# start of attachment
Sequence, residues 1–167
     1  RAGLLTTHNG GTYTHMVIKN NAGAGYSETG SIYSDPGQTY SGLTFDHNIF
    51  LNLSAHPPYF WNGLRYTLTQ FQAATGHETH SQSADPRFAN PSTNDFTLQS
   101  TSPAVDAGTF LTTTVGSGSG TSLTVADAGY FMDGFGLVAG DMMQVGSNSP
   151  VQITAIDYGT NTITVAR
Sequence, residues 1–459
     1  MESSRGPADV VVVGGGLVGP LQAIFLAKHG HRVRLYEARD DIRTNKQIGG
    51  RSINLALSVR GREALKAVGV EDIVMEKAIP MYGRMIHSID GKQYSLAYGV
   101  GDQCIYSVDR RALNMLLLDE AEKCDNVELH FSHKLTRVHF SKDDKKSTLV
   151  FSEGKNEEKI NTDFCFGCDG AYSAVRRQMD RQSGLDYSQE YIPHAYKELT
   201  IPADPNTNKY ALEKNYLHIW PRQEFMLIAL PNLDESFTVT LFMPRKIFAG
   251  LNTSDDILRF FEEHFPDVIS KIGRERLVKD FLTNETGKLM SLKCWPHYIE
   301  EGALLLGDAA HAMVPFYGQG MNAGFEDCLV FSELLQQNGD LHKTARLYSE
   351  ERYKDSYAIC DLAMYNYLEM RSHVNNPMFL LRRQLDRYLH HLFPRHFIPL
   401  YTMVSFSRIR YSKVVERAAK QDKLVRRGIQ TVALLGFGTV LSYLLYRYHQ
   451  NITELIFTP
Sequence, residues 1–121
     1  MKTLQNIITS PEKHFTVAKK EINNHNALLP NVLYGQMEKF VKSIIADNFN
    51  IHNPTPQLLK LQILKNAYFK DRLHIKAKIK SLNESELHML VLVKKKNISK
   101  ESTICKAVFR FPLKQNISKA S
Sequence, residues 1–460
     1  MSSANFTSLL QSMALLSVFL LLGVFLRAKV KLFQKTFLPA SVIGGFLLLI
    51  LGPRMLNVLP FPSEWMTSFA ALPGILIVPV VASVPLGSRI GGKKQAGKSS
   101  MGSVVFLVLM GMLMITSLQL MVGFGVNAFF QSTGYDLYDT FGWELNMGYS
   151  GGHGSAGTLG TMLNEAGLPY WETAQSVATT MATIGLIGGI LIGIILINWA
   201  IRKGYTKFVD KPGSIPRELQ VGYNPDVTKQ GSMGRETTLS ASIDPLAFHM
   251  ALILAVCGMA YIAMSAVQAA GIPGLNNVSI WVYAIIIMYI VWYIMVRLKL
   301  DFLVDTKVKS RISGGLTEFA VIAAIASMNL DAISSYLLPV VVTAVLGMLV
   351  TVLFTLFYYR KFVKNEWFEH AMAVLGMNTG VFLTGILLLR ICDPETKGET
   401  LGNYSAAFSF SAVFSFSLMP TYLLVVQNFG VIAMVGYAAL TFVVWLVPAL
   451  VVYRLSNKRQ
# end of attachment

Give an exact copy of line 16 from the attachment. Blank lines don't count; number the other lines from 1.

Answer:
   451  NITELIFTP